As an ROTC cadet, summer camp was our version of basic training. I went to summer camp in July 1968 at Fort Riley, Kan. It was really hot that summer. Our quarters were in the old World War II wooden barracks.
I noticed that the metal trays in our mess hall often were greasy when we started in the mess line. One morning I woke up feeling very queasy. I went to the mess hall but didn't feel like eating. After breakfast we were driven several miles to a training area. Fort Riley had what was called a wet bulb, now referred to as the heat index. I felt miserable while sitting in the stands in the sun that morning. We could see the wet bulb. After an hour, it showed all physical activity was to stop. We were sitting in bleachers, so that didn't apply to us. An hour later, it showed we were not supposed to be in the sun, but the instructors kept us on the bleachers anyway. Mid-morning we had a break and I barely made it to the latrine. I came out and threw up, so all the instructors came running over, put me in a jeep and took me to the hospital.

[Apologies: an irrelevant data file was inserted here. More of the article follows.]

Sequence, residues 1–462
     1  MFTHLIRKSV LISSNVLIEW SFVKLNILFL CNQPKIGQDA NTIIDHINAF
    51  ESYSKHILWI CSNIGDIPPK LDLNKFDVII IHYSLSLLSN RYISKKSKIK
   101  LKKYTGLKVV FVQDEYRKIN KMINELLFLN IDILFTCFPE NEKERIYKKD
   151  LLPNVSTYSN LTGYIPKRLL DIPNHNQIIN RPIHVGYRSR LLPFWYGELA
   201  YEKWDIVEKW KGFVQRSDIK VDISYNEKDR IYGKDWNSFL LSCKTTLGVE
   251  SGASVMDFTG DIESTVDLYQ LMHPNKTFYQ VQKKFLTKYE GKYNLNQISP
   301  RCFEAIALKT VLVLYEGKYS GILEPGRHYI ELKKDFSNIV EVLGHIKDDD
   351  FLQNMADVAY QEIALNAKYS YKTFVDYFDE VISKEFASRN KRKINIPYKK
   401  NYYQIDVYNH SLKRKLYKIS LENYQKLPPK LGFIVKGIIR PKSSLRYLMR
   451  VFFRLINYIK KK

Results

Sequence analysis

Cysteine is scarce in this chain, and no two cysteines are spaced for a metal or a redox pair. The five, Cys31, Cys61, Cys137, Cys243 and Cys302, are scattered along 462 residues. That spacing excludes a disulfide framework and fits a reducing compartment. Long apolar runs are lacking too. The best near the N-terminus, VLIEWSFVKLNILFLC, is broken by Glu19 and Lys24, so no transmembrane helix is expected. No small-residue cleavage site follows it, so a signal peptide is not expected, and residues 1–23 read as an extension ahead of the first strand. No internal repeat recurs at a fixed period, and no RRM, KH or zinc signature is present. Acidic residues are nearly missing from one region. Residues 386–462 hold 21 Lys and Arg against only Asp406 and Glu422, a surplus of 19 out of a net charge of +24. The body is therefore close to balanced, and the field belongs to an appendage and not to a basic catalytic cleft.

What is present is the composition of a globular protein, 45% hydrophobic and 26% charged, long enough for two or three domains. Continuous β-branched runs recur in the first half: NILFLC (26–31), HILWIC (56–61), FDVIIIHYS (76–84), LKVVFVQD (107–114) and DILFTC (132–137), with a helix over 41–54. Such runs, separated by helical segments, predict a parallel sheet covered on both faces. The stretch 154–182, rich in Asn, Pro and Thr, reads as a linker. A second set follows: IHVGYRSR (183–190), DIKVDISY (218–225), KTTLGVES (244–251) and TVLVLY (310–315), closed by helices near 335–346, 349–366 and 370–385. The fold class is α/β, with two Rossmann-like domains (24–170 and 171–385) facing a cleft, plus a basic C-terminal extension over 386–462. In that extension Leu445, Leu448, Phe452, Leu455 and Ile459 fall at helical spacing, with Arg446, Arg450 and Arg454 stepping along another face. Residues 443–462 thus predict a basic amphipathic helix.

I had food poisoning, so the doctor told me to go back to the barracks and stay in bed.
A few days later a lieutenant colonel from my school came to visit all his cadets and asked how things were going. I told him okay, but I had a bit of a stomach problem. He asked me about it, and that night my fellow trainees told me they spent extra hours cleaning and cleaning the mess hall.
The colonel had reported this to the inspector general. I don't recall hearing about the inspector general before this, but I personally learned how much power the inspector general has.
Other than that, summer camp was just another military experience.